Boxing Partner 101
In boxing, your partner is more than just a workout buddy. Much of boxing training is done using punching bags, however true response time and reaction training occurs with a live opponent. Many professional boxers rely heavily on the training they do with a sparring partner to help them mentally and physically focus before a big match.
You will want to know the following things about your boxing partner before committing to training with them:
1) How long s/he has trained for
2) The other sports s/he has participated in, notably; martial arts, kick boxing or wrestling
3) His or her fight record, if s/he has one
Choosing a boxing partner who is at or above your level is very important. When sparring with your partner, you will want to be confident that the s/he is knowledgable enough to know what punches will help you improve. Your boxing partner will help advance your jabs, crosses, hooks and upper cuts, therefore, it is best to find a boxing partner with excellent technique.
You will also need a boxing partner who is a good communicator. If you have a sparring session with your partner, you will both have to agree how hard or light you want to go such that no one gets inappropriately hurt. You and your boxing partner should start a training session with an out of the ring warm up, some boxing bag drills, and a cardio activity such as jump roping. Try to find a partner who is tough, motivated and committed. There is nothing worse than a partner who is always dragging, misses sessions, or arriving late and tired. Boxing with a partner will bring out your competitive side and will allow you to release aggression in a controlled manner. Remember: what you get is equal to what you give, so be as good of a partner as you'd like your boxing partner to be.
Boxing Rope Drills
Boxing rope drills are used to help boxers gain coordination and improve control. To do these drills, you will need a rope the length of a jump rope, a stationary object to tie one end of the rope to and a partner to hold the other end. Tie the rope to a stable object at shoulder height. This should be the height of your shoulder while standing upright; the rope should not touch your shoulder. Once the rope is in place, use it as a guiding line for a series of footwork drills moving forward and backward. Next add in some punching drills, all the while avoiding touching the rope while staying inline with it. After, move on to bob and weave exercises in which you use your legs to bend and switch between different sides of the rope. Do not use your back to go under the rope. Alternate your punches when doing the bob and weave also. When you are done, rest by switching positions with your partner and taking hold of the rope.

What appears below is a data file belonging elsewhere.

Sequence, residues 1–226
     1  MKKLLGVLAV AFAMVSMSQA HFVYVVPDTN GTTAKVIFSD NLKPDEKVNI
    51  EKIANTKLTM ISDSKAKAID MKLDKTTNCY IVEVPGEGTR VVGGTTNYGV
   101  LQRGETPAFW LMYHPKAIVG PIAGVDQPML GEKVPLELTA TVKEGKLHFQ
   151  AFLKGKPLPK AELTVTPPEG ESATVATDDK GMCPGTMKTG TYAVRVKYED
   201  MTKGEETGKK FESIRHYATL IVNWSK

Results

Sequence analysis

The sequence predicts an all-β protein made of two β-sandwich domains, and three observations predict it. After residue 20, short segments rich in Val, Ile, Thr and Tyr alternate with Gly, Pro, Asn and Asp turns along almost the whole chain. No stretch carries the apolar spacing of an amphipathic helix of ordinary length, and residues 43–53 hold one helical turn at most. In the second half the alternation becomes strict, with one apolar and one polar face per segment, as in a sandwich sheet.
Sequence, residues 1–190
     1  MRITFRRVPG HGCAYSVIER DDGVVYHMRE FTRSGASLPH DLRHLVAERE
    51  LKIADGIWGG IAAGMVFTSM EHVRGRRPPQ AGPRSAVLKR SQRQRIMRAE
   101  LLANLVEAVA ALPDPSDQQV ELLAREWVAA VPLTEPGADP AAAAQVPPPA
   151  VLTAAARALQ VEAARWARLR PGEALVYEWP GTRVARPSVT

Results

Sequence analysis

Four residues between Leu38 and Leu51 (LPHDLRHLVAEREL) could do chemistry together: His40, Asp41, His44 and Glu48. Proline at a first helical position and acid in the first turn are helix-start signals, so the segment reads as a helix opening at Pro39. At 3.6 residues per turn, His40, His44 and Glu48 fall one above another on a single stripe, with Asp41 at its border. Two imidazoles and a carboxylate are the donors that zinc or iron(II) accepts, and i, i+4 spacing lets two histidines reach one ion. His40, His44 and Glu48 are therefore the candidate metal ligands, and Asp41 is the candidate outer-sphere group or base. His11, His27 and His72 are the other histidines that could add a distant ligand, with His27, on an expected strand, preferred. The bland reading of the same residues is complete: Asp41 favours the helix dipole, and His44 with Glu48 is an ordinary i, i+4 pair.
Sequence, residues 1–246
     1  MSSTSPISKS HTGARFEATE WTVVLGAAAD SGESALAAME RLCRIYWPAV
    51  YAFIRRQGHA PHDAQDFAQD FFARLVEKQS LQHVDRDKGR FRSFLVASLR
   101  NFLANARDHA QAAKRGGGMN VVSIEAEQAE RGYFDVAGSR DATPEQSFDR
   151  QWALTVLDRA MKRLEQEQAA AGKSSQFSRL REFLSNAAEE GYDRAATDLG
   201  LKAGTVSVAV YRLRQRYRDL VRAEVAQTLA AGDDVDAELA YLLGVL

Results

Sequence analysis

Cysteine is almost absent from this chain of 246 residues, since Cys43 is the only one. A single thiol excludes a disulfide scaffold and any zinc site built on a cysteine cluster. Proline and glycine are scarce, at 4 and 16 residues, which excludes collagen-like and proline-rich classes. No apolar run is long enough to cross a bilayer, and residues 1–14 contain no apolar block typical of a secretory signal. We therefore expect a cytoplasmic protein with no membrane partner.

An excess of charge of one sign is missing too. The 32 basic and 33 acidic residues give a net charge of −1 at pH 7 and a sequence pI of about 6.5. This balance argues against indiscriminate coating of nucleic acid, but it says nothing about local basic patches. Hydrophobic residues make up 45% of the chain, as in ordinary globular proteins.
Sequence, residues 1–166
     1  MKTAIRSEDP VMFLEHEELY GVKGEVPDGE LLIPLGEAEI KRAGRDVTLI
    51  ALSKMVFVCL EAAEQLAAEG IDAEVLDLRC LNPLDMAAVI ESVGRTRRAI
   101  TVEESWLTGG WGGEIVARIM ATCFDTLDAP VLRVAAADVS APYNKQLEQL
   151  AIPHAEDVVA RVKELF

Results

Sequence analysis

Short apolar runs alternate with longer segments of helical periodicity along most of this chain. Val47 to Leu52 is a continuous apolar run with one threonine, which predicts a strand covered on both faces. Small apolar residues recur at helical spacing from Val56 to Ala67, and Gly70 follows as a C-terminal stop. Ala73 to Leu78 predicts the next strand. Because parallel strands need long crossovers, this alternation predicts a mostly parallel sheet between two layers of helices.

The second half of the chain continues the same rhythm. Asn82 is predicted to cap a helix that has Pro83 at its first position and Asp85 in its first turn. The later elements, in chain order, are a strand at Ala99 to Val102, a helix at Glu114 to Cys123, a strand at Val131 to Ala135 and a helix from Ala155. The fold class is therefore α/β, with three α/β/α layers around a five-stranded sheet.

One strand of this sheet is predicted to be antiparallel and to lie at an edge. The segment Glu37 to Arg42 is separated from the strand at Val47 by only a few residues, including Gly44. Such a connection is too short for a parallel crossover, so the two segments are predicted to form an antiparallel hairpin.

Women's boxing has been around for centuries, but did not get official recognition by USA Boxing until 1993. Female boxers train just as hard as male boxers, yet women's boxing is still not a part of the summer olympics. Male and female training is similar, though there are different rules and regulations for women's boxing then for men's bouts. Rules and regulations are put in place to ensure the safety of all boxers. Just like in men's boxing, women's boxing has different weight classes due to the fact that boxers of equal weight and size will have similar muscles mass and hence be fairly matched in power. Men and women have been paired against each other in similar weight classes, but the bouts between a male and female have yet to be considered for official tournaments. To learn more about the history of women's boxing, go to Women Boxing Archive Network.
Boxing For Weight Loss
Boxing is a full body workout that involves aerobic and anerobic exercise. It is an excellent way to lose weight because it not only involves cardio, but it also tones and builds muscles. Boxing is a very weight conscience sport. Professional boxers must maintain a particular weight to be officially submitted for a match in their class division. Whether you want to train to become an amateur boxer or are just interested in the weight loss benefits of boxing, you should attend training sessions with a professional trainer or coach who will guide you safely and effectively.
Boxing will help you focus and give you the opportunity to get some aggression out. To be a good boxer, you need more than strong arms; you must have agilitiy, core strength, a strong upper and lower back, flexibility, and stamina. Boxing drills can be performed in a circuit manner, just like gym circuit training, or they can be practiced repeatedly for perfection. All boxing workouts should start with a short warm up. Try warming up on a treadmill, or bike to get the blood flowing for 5 minutes. Follow this with a full body stretch. Next do some activity that involves strengthen your abdominal muscles, like crunches with a medicine ball. After your crunches, do an exercise that involves some form of cardio endurance like jumping rope. Follow this with alternating punching drills either at a heavy bag or a speed ball. Round up your workout with a weight lifting exercise such as a rotating bicep curl. Cool off by riding a stationary bike at a slow pace.Remember to combine your boxing workout with a proper diet. To lose weight, it is important to examine what you are eating. Have a nutritionist or dietician give you a meal plan that will allow you to lose weight while gaining muscle to support your bones and keep you injury free.